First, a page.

Cycling should be easily accessible to all – that was the main aim of an adaptive cycling open day organised by north Wales-based social enterprise Antur Waunfawr, alongside the Outdoor Partnership, Disability Sport Wales, Gwynedd Council and Derwen – the Integrated Team for Disabled Children.

Held at ‘Redline Indoor Karting’ in Caernarfon, the session was an opportunity for adults and children with learning or physical disabilities to ride a range of adaptive bicycles around Redline’s purpose-built karting track. It was also a chance to find out more about the adaptive cycling opportunities in the area, and to recruit volunteers for the project.

Antur Waunfawr provided a range of adaptive bicycles from their Beics Menai bike shop, including side by sides, tandem trikes, and electric and non-electric trikes for children and adults. The Gwynedd Accessible Cycling Hub also had a range of adaptive bikes at the event, including a wheelchair carrier bike and a selection of children’s bikes.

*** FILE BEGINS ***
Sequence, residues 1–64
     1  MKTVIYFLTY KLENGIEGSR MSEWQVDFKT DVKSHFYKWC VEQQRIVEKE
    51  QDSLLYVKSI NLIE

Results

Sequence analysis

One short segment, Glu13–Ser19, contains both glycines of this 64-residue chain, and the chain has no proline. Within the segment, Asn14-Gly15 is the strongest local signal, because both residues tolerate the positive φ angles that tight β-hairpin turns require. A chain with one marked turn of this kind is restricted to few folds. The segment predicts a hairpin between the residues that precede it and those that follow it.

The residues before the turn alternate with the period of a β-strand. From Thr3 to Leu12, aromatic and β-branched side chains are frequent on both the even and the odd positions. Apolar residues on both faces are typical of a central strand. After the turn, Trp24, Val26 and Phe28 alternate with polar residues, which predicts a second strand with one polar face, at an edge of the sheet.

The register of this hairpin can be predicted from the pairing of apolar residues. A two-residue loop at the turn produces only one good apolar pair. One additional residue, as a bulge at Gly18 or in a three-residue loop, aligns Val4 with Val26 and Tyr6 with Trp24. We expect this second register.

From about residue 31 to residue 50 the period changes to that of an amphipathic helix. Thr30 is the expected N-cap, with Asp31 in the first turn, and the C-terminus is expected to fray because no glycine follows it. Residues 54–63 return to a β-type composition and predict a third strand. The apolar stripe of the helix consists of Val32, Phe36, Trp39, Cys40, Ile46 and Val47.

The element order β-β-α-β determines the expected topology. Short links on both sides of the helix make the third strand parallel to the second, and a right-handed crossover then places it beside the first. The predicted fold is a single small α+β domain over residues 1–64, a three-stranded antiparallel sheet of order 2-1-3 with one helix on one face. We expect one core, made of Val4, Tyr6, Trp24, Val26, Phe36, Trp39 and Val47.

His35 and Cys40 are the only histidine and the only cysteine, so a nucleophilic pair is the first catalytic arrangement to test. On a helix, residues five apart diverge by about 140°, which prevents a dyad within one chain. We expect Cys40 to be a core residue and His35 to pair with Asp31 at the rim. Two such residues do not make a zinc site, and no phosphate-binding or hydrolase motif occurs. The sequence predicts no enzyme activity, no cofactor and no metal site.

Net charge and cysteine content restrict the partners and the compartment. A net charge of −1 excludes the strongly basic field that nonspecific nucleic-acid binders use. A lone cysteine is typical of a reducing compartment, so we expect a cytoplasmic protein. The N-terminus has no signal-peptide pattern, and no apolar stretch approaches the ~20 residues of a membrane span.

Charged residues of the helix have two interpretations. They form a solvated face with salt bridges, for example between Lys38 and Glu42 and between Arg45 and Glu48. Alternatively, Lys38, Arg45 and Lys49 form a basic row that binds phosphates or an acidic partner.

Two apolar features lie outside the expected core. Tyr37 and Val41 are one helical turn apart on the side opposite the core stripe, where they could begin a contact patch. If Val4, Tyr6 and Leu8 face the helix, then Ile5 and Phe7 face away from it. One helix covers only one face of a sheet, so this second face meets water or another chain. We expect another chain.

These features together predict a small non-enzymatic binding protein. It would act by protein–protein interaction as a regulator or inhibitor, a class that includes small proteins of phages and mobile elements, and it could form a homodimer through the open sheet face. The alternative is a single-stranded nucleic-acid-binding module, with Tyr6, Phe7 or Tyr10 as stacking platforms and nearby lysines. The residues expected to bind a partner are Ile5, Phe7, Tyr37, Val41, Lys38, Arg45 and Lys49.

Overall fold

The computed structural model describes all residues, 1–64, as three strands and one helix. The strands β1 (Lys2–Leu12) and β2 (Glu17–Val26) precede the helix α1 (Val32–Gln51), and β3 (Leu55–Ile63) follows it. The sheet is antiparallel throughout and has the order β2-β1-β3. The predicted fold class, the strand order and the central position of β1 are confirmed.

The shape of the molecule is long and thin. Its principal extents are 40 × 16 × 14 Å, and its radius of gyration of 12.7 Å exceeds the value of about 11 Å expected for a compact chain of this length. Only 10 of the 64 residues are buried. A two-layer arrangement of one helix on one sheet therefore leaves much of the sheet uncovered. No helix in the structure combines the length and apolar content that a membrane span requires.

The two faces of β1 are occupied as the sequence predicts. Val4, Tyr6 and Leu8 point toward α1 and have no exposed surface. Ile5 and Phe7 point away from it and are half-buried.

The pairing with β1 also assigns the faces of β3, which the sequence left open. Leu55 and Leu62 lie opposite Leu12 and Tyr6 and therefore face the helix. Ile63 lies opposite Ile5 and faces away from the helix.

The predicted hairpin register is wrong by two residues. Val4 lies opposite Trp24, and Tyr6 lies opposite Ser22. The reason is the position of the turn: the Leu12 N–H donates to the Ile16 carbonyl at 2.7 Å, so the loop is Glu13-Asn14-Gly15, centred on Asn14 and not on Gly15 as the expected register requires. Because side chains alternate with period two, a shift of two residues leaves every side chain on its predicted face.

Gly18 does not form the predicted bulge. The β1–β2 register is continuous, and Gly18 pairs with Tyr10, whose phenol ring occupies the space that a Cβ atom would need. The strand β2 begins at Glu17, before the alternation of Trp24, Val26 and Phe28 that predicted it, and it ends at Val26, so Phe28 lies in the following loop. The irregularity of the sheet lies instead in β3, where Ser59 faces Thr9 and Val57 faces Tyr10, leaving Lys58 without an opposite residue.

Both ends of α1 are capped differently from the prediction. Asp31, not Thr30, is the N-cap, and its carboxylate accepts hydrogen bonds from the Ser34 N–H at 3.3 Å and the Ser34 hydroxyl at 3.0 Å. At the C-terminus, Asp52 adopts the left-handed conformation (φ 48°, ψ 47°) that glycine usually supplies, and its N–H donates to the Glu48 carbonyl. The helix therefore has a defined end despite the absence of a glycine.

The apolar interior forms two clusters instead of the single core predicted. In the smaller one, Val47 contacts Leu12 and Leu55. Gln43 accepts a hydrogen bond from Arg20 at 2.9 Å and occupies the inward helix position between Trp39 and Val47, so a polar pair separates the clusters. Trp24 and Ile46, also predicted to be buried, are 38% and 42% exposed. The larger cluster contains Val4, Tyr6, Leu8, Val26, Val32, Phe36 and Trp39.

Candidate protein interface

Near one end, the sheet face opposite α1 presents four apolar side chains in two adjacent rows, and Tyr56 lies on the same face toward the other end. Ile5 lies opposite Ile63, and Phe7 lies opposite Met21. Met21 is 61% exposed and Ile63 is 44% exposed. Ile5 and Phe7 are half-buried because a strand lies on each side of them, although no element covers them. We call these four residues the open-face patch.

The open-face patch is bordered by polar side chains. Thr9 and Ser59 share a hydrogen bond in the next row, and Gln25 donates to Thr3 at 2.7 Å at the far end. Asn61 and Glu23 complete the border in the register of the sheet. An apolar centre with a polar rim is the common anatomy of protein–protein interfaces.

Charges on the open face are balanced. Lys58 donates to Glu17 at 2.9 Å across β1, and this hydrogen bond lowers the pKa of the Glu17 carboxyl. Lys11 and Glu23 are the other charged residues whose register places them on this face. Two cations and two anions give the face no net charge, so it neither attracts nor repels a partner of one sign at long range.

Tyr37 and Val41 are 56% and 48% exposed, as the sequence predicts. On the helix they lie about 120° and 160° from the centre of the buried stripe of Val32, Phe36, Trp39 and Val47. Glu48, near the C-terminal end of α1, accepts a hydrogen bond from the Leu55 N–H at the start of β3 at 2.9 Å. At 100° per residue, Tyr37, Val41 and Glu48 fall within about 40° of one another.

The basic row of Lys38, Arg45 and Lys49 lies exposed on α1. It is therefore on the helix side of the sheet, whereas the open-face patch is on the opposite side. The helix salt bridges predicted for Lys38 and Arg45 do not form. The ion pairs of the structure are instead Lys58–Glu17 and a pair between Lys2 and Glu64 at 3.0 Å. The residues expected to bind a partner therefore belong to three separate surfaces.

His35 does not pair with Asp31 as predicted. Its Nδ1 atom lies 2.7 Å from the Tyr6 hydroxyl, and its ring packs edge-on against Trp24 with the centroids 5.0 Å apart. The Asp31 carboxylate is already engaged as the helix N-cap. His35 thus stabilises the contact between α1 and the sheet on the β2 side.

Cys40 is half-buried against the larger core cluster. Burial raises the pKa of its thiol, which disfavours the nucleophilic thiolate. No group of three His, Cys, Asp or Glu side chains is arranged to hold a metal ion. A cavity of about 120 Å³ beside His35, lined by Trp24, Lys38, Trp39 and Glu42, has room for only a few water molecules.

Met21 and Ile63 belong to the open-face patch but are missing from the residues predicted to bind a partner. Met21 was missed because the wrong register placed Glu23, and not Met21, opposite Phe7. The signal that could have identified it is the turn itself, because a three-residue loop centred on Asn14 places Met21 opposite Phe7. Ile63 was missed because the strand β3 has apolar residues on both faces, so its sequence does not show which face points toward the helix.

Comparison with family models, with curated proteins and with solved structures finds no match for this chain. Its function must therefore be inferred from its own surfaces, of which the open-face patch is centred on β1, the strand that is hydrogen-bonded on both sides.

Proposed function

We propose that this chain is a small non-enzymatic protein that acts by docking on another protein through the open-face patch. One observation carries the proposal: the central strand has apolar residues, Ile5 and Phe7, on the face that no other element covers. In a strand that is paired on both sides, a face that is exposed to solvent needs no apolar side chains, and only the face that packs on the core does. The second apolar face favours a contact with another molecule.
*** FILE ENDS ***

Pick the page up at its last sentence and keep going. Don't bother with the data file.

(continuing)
Pupils from special needs schools Ysgol Hafod Lon and Ysgol Pendalar were invited to try out the bikes, as well as adult service users who receive support from Anheddau Cyf. Also on hand to offer coaching and advice on the day was Tim Matthews, Young Rider Development Officer at Welsh Cycling.

The open-day was funded by Antur Waunfawr’s ‘Sgiliau Antur’ (Antur Skills) project, following an Intermediate Care Fund – Learning Disabilities & Complex Needs grant from the Welsh Government, in partnership with the North Wales

Social Care & Wellbeing Services Improvement Collaborative and Betsi Cadwaladr University Health Board.

Huw Davies, deputy chief executive at Antur Waunfawr, said: “The aim of the ‘Sgiliau Antur’ project is to promote health and well-being and to recruit volunteers. Cycling and health and fitness is an important aspect of the project, and we are very grateful to the staff at Redline Karting for giving us the opportunity to use the adaptive bicycles on their indoor

karting track.

“The open day was a huge success and we’d like to thank the Outdoor Partnership and Derwen for their help in organising this event. By working together to promote the adaptive cycling project, we can inspire and enable disabled people in Gwynedd to enjoy accessible cycling.”